When professional organizer Maggie McDonald finds a body in a snowdrift outside her friend's ski cabin, she must plow through the clues to find a cold-blooded killer . . .
Lake Tahoe in February is beautiful, but Maggie can't see a thing as she drives through a blinding blizzard with her friend Tess Olmos and their dogs, golden retriever Belle and German shepherd Mozart.Maggie has offered her professional decluttering skills to help Tess tidy up her late husband's cabin in preparation to sell. She also plans to get in some skiing when her husband Max and their boys join them later in the week.
What she doesn't plan on is finding a boot in a snowdrift attached to a corpse. The frozen stiff turns out to be Tess's neighbor, Dev Bailey, who disappeared two months ago. His widow Leslie expresses grief, but Maggie can't help but wonder if it's a snow job. As more suspects start to pile up, things go downhill fast, and Maggie must keep her cool to solve the murder before the killer takes a powder . . .
Read an Excerpt:
The scene was like every description of a near-death experience I’d ever heard.
I drove through the darkness toward a white light on California’s Interstate 80, east over the Donner Pass toward Lake Tahoe.
Banks of plowed snow towered above the freeway, obliterating what would have been gorgeous mountain vistas if there had been any visibility. What the newscasters had calmly predicted as “winter storm conditions” howled around us, buffeting the car and overpowering my headlights, defroster, and windshield wipers.
For miles, I’d searched for a rest area where I could unclench my hands from the steering wheel, clear ice from the windshield, and take care of more basic human needs. But snow obscured the exit signs and wind erased tire tracks as soon as they formed. My golden retriever, Belle, huffed warm wet breath in my ear. Her pal Mozart panted beside her. My friend Tess Olmos dozed in the passenger seat.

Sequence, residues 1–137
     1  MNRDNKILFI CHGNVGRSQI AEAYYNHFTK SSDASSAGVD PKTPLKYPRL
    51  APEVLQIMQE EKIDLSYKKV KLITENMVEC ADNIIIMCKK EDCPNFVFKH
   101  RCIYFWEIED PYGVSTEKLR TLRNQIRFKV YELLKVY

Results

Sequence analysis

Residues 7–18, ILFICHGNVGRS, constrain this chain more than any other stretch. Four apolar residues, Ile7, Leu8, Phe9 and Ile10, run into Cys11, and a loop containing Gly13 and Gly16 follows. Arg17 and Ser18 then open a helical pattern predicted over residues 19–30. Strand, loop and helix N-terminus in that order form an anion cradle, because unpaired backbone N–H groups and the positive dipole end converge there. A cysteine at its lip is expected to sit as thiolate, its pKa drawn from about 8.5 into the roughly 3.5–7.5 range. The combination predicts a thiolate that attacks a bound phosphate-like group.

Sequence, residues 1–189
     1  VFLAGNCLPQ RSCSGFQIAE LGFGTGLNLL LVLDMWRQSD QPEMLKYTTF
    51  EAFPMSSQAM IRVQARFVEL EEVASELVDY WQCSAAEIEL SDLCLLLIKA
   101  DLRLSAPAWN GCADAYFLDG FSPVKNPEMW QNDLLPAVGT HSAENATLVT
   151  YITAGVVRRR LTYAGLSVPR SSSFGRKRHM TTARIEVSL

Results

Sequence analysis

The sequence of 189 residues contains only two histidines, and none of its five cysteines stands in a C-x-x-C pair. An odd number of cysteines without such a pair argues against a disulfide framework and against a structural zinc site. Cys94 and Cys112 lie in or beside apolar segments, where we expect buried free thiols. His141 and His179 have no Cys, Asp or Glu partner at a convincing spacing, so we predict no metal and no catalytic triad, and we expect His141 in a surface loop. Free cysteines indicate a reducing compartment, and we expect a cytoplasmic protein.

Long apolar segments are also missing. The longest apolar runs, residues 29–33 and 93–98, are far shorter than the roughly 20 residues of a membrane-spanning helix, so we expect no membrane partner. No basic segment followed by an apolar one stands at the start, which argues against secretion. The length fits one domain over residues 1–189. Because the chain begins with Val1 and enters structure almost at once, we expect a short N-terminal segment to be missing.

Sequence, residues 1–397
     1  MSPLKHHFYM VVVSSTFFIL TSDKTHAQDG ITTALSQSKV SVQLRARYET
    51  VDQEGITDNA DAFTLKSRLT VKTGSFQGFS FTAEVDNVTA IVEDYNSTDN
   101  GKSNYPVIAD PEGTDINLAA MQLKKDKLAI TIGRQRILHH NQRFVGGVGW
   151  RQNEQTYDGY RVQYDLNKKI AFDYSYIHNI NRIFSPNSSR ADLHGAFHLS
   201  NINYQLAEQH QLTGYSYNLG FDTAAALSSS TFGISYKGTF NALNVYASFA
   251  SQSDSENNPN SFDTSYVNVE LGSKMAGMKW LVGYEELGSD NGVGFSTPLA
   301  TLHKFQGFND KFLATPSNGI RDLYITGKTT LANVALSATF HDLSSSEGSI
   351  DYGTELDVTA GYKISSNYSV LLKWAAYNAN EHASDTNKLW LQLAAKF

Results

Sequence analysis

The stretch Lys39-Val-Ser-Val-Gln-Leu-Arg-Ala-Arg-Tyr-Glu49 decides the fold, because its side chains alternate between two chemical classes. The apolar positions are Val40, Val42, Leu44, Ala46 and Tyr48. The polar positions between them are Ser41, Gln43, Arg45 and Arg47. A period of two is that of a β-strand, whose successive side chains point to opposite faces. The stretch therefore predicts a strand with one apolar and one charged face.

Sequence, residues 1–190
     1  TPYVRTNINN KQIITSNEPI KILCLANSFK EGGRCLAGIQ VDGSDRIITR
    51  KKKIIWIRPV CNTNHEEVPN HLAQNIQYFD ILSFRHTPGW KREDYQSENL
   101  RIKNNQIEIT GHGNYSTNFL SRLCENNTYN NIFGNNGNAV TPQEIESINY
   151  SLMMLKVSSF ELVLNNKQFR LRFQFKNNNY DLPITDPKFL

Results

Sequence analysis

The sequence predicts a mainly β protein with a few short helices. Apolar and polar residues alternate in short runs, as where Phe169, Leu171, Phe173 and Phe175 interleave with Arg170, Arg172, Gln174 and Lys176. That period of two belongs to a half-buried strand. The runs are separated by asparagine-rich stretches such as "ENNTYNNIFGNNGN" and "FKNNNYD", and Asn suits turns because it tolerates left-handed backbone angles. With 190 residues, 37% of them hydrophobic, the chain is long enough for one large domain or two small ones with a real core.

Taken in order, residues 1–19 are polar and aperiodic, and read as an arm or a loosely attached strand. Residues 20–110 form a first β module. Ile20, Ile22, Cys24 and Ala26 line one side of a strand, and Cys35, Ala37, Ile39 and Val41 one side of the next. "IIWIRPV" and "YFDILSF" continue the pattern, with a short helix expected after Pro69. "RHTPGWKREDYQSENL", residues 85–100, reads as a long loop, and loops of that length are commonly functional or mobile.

I didn’t dare pull over, in case what I took for a safe shoulder turned into a thousand-foot descent into oblivion. In weather like this, we’d plummet to the ground and wouldn’t be found until spring.
“Turn here,” Tess said.
“Where?” My view out the front windscreen was no different than it had been for the last three hours—remarkably similar to the static on midcentury televisions.
“Here. Stop. The exit.”
I pulled the car slowly to the right, squinting to distinguish something— anything—that would tell me we’d reached the turnoff for Highway 89 in Truckee, the gateway to North Lake Tahoe’s world-class ski resorts. The swirling whiteness took on a salmon-colored tinge as I drove beneath sodium vapor lights marking the main road that led toward Tess’s family ski cabin.
“Turn. Right. Right. Right. No, not so much.”
The rhythmic thump of my tire chains slowed as I crept forward. “Do you want to drive, Tess? You know these roads.”
“You’re doing great. Besides, the shoulders aren’t plowed. If we pull into a parking lot we’re apt to get stuck.” I wasn’t convinced. Tess’s voice sounded strained, as though she spoke through clenched teeth. “It’s only a few more miles.”
“Which should take a mere two or three hours at this rate.” My fingers ached from tightly gripping the wheel. What would normally have been a four-hour drive from Orchard View and the San Francisco Bay Area had taken nearly twice that long thanks to the heavy rain turned blizzard that had blown through hours earlier than anyone expected.